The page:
Friday, February 13, 2009

Poor salespeople?

I may be the last person to learn about this, but since it is one of the most blogged stories from The Japan Times site:

Although Japan is the leader in technology, unfortunately we are not very good at sales. For example, H-IIA is Japan's primary space-launch vehicle, the most reliable rocket on earth — or, I should say, in orbit — with 93 percent of all launches successful,
(Based on how many?) yet we are basically producing it for domestic use. Japan Times.

Minister Noda may have used just a bit more puffery in the same interview by describing how Japan has the world's most accurate lunar explorer. Great. Amazing in fact. Based on how many flights? Let me guess---one? (14 Feb: There were 3 satellites on the Kaguya mission.)

Perhaps things have changed for the H-IIA since 2005:

Japan's H-II program has been a showcase effort for the country's commercial launches, but high costs and a sub-par launch record have slowed it. Counting the initial H-II and redesigned H-IIA, the vehicle has had three failures in 14 launches, a 79% success record. By JAXA's calculations, its U.S. competitor, the Boeing Delta, has a 94% liftoff success rate and the European Ariane, a 93% launch success record. JAXA's senior managers say it will take 10-20 straight successes before they can gain the trust of the international launch community. Nineteen of 20 H-IIA launches would give the H-IIA a 95% success rate that would make it globally competitive, they say. Aviation Week. (Uh-oh. 95% would make it globally competitive. Isn't 79% less than 95% even in Japan?)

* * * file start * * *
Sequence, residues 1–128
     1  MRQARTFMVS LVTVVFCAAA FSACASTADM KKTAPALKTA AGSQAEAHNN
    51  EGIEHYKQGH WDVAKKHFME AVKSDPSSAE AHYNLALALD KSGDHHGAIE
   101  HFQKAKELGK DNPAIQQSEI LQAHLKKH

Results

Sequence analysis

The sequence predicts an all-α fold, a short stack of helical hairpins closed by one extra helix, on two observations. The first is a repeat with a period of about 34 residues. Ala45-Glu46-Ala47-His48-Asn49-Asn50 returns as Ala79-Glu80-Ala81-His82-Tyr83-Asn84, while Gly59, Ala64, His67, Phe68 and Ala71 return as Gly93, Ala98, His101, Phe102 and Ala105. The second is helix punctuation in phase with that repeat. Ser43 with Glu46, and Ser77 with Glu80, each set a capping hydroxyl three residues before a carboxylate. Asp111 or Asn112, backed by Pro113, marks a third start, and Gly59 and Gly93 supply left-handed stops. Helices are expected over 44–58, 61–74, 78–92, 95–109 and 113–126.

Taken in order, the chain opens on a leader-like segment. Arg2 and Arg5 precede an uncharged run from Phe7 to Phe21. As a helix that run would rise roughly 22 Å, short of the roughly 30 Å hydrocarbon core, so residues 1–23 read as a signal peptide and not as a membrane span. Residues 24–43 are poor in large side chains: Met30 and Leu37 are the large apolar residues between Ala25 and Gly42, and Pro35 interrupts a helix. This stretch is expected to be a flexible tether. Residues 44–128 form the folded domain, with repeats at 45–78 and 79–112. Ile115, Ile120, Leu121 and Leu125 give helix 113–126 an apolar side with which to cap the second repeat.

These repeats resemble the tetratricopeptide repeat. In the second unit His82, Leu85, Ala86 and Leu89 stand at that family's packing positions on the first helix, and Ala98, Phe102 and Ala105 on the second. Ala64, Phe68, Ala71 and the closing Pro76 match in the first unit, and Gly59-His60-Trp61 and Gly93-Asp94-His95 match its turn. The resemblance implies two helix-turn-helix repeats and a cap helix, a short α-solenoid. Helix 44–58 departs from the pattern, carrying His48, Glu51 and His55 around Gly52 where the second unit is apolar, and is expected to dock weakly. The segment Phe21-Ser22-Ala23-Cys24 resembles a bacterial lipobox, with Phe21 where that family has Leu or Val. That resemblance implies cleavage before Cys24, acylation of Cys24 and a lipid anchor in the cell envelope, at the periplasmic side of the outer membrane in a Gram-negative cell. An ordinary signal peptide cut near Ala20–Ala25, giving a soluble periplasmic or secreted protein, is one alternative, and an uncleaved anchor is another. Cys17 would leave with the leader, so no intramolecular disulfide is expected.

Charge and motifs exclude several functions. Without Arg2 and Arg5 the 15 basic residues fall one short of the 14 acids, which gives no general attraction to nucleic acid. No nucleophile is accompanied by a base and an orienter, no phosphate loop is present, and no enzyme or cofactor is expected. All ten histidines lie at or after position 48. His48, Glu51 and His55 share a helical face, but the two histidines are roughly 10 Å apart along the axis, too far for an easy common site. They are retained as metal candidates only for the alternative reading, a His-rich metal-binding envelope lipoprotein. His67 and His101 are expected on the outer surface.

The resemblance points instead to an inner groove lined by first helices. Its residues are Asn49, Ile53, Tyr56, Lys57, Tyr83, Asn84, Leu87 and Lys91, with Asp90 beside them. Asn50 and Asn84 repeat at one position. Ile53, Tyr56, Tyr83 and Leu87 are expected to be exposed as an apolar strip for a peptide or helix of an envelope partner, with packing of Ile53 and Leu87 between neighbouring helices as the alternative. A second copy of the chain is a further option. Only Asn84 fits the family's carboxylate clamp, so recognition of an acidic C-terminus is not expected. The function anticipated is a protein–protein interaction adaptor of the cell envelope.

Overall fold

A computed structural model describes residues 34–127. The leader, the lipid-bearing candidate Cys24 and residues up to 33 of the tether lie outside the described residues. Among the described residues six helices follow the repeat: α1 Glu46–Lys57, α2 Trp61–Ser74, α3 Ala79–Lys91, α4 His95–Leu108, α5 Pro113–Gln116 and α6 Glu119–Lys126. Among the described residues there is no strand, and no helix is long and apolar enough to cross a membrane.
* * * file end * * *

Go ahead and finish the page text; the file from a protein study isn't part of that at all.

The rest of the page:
Oh, they have improved though:

Since the seventh launch in February 2005, the H-IIA launch vehicle has recorded eight consecutive successful launches, a success rate equal to those of LSPs in Europe and the U.S. Mitsubishi Heavy Industries News. (What, 8 successful launches in a row? 13 of 14? Hmmm. I don't know, but I do wonder if US and Europe have a larger number of launches to base their rates on? If so, would their statistics be more reliable?)

Yankee Liars!:

"This launch signifies Boeing's continued commitment to provide our commercial customers with the Delta II vehicle, which has a 98.5 percent launch success rate," said Ken Heinly, director of Boeing's Launch Products & Services and Boeing Launch Services president. Boeing

All Delta Rockets:

There have been over 300 Delta rockets launched, with a 95% success rate. Warning! From Wikipedia

You can calculate the overall Delta (all models) success rate since 1960 for yourself at Boeing's site if you've no life. I have none, so I did a quick count: 336 launches to date with 15 failures---a success rate of 95.5%. Oops. In topsy-turvy Japan, maybe success rates are calculated differently?

Just a few years ago, when these rockets seemed to explode and fall from the sky about every other launch, I used to have fun with some friends whom I could normally joke with. I'd say, "Do you know the difference between a Chinese rocket and a Japanese rocket (China was being quite successful at launches at the time)?

Then I'd take a pencil and blast it off straight up and say "Chinese rocket." Next I would take the same pencil, blast it off, wobble it around before moving it in circles and dropping it to the ground and say "Japanese rocket." They never saw the humor. Even my Commie wife hated it. So I did it more often. Childish, I know. But fun.

Well, good luck with those sales Ms. Noda. Some people will believe anything. I bought a Mac, after all.

Oh, and kudos to the reporter Judit Kawaguchi for such a hard-nosed report. No puff piece there. I wonder---was this interview in the form of submitted written questions and replies?

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